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Where Should My Money Grow?

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Where Should My Money Grow?

When it comes to financial planning and saving for the future, there are numerous options available for where you can invest your hard-earned money. With all the options that are available, it’s important to fully understand each offering so you can make an informed decision about which one is right for you.

So what types of investments are there, anyway? Below is a breakdown of the more common ones:

Bank Products – Banks and credit unions offer safe and convenient ways for you to tuck away some savings. The advantages of bank accounts are the ability to quickly access your funds and they have wide flexibility. Because of their nature, your money isn’t going to increase a great deal with the interest accumulated.

Stocks – When you buy shares of a company stock, you own a piece of that company. Stocks come in a wide variety of formats – common shares, preferred shares, different class shares etc, depending on what type the company chooses to issue. Stocks are generally based on the company’s size and type and are often issued by the company to raise capital.  The company’s stock performance can be affected by market cycles and other factors like interest rates. Stocks offer the potential for short and long-term capital growth and some types of stocks will also pay the investor dividends. Within stocks are a wide array of choices, from penny stocks to large caps and more – each with different risk profiles.

Mutual Funds – are essentially a basket of stocks and/or bonds and sometimes other instruments eg. ETFs, that are pooled together in a unit trust and can either be open ended or close ended funds (ie. They have a fixed number units/shares). Mutual funds have mandates that they are required to adhere to for example, a Canadian Small Cap fund would only be able to invest in smaller Canadian companies – usually with market capitalization’s of less than $1Billion or so.

ETF’s – or Exchange Traded Funds, are similar to mutual funds, ie. they are baskets of various securities,  however they have some characteristics that are more similar to stocks eg. they can be traded throughout the day just as an individual stock would be. ETF’s can be sold short as stocks can be, mutual funds cannot be sold short. Due to the passive nature of ETF’s (although actively managed ETF’s are becoming more commonplace) the internal expenses of most ETF’s are considerably lower than their mutual fund counterparts – mutual fund expenses are trending lower though. ETF’s can offer tax advantages over mutual funds also through the process in which investments are redeemed from the vehicle limiting the possibility of paying capital gains.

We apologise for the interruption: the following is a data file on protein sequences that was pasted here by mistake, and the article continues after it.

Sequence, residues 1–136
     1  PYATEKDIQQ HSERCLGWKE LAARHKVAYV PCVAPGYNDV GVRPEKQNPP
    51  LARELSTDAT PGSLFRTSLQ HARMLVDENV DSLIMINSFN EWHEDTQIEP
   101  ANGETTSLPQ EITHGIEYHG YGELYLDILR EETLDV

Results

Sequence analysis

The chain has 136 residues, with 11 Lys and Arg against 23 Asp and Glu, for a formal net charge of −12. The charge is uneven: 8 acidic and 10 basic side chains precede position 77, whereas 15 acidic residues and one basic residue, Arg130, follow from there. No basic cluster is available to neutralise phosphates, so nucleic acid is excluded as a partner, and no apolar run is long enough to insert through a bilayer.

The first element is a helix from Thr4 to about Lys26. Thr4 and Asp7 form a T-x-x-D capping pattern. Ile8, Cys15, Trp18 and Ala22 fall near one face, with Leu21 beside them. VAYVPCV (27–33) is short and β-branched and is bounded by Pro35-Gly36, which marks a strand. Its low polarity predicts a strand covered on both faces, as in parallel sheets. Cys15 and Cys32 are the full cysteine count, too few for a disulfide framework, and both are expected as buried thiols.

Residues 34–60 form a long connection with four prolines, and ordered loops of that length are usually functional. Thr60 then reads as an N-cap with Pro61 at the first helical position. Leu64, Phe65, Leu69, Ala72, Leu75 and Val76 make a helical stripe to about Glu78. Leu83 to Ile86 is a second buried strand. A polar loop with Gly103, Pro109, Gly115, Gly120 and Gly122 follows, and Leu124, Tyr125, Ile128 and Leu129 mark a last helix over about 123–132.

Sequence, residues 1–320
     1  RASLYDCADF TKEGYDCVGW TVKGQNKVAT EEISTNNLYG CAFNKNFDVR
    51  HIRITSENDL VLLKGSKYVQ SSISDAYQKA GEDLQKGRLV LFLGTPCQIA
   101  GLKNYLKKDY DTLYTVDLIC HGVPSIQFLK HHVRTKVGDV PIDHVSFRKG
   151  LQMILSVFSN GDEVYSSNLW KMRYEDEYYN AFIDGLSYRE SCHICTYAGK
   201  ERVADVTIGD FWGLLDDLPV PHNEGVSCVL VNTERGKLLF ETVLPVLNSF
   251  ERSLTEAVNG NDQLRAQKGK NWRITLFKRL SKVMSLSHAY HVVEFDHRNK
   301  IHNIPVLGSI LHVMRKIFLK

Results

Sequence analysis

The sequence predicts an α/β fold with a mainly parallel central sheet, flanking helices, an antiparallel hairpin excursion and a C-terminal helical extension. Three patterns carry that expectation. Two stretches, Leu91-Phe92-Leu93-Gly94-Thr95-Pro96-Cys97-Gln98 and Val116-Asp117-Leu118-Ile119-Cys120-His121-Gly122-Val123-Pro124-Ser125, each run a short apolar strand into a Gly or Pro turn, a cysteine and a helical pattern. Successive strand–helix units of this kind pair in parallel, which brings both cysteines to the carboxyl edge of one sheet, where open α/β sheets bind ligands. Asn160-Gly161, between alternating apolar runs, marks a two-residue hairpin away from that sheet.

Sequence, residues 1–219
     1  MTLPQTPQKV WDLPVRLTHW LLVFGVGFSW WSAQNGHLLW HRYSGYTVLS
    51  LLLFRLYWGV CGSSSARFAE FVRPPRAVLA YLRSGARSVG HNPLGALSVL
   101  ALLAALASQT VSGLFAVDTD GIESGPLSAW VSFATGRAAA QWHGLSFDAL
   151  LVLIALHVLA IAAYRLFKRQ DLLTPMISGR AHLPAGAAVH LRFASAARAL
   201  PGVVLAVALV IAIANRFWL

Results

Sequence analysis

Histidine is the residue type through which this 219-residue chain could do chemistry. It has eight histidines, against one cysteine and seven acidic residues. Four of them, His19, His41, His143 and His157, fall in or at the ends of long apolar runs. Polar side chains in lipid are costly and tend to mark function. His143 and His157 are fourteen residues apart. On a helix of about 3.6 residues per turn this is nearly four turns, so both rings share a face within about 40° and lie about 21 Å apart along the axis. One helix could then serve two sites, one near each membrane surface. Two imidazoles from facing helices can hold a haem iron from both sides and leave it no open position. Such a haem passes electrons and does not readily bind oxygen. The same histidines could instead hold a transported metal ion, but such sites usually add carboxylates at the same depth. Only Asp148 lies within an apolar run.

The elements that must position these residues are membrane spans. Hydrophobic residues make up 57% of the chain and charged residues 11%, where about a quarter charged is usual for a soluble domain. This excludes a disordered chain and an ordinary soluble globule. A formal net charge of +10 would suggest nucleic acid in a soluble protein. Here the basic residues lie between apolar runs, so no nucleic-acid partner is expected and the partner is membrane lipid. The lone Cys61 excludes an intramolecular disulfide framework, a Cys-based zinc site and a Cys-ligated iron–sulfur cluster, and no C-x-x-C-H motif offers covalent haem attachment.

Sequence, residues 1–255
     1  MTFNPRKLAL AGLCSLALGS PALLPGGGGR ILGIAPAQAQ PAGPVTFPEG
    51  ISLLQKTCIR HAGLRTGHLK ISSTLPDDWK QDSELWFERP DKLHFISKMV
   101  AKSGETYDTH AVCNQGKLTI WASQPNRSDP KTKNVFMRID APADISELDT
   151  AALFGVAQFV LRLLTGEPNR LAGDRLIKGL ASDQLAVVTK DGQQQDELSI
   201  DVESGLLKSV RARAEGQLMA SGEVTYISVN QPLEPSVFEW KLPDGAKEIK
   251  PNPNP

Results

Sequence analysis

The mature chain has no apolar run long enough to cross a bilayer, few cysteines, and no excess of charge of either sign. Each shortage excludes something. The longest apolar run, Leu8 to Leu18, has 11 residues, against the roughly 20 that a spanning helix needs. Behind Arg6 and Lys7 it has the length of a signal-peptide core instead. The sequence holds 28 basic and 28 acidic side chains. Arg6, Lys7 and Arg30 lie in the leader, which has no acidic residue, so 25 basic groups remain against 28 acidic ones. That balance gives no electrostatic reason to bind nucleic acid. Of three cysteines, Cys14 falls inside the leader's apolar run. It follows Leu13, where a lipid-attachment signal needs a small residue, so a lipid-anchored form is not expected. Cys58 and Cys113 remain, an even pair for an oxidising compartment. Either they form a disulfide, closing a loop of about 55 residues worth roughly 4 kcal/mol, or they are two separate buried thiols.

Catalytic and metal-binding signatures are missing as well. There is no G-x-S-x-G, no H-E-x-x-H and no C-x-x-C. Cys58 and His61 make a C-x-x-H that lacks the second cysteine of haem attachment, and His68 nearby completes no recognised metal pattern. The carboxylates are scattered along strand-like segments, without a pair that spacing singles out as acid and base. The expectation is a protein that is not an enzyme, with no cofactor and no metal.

Annuities – An annuity is a contract between you and an insurance company, in which the company promises to make periodic payments for the rest of your life, either starting immediately (called an immediate annuity) or at some future time (called a deferred annuity). Annuities can come with guarantees in the event you pass away early they will continue to pay out to your beneficiaries.

Retirement – There are many options available when saving for retirement and even managing your income after you retire. For saving, tax-advantaged retirement options such as a TFSA (Tax Free Savings Account) or a RRSP (Registered Retirement Plan) can be a smart, tax efficient choice. Which type of investments you choose is often dependent on your risk tolerance and retirement lifestyle.